It proved a race against time -- American troops rescuing hundreds of thoroughbred horses from the Nazis and ensuring they weren't eaten by advancing Russian troops. American General George Patton, nicknamed "Old Blood and Guts", gave the all clear for the secret operation to get under way in the final days of the Second World War. Keystone/Hulton Archive/Getty Images
A horse among those captured by Nazis is inspected by American Colonel Hank Reed at the stables in Hostau at the end of April 1945. Patton Museum
Hubert Rudofsky was the German officer in charge of the stables at the time of the surrender to the US troops.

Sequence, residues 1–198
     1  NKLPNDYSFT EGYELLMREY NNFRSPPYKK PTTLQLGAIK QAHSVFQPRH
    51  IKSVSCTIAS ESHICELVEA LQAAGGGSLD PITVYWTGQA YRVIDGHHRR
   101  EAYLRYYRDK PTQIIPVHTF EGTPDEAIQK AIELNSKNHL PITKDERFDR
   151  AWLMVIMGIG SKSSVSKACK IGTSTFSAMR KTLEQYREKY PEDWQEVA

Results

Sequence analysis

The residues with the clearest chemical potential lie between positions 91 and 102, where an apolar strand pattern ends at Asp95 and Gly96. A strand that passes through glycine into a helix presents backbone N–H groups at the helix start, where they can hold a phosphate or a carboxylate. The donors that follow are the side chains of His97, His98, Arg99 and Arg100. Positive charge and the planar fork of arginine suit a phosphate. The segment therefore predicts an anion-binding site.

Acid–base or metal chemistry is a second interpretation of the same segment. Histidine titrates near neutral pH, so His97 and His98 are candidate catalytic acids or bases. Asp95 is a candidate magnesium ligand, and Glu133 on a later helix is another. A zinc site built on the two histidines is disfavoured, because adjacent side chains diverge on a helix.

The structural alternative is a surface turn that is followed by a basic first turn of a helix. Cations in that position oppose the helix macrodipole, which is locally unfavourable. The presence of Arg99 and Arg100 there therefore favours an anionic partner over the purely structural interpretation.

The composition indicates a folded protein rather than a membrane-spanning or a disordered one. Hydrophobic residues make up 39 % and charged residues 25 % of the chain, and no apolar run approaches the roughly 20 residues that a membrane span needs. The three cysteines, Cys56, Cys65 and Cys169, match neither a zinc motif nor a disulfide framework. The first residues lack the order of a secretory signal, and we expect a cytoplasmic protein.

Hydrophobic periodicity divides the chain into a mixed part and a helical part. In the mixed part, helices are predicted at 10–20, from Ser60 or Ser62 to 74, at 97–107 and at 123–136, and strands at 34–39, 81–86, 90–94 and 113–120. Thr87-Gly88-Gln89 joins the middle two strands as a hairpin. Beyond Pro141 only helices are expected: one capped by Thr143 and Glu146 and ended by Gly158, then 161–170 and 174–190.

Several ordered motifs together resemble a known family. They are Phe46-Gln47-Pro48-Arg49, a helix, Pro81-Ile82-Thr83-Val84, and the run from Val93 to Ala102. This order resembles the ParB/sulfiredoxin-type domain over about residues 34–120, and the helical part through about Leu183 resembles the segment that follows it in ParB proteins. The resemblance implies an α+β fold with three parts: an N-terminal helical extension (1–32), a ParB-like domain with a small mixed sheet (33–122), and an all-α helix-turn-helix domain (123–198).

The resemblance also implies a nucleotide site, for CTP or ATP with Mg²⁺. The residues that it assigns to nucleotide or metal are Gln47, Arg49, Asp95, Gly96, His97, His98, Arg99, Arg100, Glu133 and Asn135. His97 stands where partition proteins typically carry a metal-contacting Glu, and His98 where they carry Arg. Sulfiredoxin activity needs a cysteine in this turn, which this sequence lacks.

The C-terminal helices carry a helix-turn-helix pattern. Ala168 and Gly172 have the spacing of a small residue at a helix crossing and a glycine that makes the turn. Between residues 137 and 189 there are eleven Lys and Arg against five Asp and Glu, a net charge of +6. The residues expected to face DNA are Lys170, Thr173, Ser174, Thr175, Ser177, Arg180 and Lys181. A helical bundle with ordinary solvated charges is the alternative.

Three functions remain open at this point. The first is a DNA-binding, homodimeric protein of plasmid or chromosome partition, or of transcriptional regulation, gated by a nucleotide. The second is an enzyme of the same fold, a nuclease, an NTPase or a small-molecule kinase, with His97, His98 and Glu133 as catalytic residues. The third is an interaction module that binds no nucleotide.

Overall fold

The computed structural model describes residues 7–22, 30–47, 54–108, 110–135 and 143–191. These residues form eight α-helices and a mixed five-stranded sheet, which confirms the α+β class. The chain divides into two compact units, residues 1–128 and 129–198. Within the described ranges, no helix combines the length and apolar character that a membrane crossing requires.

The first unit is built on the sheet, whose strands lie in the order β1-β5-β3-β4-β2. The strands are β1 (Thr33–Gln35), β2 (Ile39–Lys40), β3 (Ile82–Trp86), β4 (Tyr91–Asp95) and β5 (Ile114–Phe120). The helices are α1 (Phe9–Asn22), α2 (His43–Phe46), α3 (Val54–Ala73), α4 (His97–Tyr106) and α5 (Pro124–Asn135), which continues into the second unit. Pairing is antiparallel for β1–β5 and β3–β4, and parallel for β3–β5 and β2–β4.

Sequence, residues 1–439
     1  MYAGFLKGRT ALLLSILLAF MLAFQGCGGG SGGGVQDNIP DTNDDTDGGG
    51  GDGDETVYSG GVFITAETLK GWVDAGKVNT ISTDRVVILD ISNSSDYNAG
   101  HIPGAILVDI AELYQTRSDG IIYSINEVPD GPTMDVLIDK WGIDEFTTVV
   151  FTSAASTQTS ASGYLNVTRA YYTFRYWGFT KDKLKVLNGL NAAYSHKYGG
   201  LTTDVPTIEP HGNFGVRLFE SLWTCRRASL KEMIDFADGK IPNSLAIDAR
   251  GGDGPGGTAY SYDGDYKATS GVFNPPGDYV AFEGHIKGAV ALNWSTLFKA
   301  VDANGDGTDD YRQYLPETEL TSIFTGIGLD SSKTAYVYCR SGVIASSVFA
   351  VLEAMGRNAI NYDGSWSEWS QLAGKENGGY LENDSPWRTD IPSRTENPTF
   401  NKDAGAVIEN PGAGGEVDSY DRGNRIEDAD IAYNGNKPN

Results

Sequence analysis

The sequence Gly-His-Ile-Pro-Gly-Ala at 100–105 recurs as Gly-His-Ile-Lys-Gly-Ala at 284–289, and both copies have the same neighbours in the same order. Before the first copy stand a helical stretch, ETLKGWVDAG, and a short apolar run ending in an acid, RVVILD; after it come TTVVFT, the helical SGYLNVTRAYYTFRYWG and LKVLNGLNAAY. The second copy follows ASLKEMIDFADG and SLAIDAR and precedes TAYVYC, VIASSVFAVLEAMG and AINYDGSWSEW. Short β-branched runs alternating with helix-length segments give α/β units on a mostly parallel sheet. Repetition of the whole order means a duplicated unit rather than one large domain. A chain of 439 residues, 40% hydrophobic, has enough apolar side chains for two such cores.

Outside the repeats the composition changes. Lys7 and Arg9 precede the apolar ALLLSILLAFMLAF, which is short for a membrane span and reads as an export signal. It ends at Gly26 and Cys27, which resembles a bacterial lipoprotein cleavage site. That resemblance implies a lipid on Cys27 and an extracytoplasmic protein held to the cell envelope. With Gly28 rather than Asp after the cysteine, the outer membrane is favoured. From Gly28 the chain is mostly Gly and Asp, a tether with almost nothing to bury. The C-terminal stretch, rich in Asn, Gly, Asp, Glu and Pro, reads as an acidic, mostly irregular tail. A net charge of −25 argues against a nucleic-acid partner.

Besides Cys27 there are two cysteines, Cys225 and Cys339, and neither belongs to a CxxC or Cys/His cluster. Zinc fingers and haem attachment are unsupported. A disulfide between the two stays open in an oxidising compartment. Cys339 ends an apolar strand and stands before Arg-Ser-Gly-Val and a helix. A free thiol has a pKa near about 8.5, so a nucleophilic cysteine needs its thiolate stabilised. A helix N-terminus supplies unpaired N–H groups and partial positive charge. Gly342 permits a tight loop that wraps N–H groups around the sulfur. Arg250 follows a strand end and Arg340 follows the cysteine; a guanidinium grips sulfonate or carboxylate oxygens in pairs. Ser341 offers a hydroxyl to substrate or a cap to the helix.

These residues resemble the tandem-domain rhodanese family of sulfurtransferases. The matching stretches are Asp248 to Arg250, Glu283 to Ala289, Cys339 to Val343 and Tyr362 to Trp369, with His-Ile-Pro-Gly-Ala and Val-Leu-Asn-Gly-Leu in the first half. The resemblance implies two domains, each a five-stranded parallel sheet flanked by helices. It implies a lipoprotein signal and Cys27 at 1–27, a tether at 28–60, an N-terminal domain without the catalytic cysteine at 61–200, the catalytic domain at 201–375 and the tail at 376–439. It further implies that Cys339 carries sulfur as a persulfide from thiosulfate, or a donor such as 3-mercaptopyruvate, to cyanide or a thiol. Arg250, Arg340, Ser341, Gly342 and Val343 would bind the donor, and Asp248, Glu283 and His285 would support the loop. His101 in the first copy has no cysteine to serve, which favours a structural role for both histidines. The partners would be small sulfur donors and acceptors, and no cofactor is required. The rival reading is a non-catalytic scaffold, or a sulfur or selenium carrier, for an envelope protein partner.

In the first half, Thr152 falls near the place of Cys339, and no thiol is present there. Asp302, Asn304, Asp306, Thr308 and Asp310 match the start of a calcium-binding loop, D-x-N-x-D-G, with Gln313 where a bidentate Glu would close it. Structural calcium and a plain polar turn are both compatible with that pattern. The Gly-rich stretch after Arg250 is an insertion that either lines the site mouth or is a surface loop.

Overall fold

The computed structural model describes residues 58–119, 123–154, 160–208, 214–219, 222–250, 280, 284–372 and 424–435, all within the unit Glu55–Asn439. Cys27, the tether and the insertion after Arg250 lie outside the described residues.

Rudofsky, here in military uniform, was described as a good man by his nephew who "never did a bad thing in his life".
Lieutenant William Donald 'Quin' Quinlivan was the first of 70 US troops on the scene after the Germans surrendered. Courtesy Maureen Quinlivan Nolan
However the next day, a group of Nazis determined to fight to the death attacked the US soldiers at Hostau -- after a five hour battle, two lost their life. Some 500 thoroughbred horses were successfully saved. Courtesy Maureen Quinlivan Nolan
Austrian Colonel Alois Podhajsky, director of the Spanish Riding School from which many of the horses were captured and taken to Hostau, performs for General Patton. PhotoQuest/Archive Photos/Getty Images
Colonel Reed returned to the Spanish Riding School in Vienna in 1964 to see survivors and descendants of some of the horses he helped to save, ensuring the bloodline of the finest US and European thoroughbreds.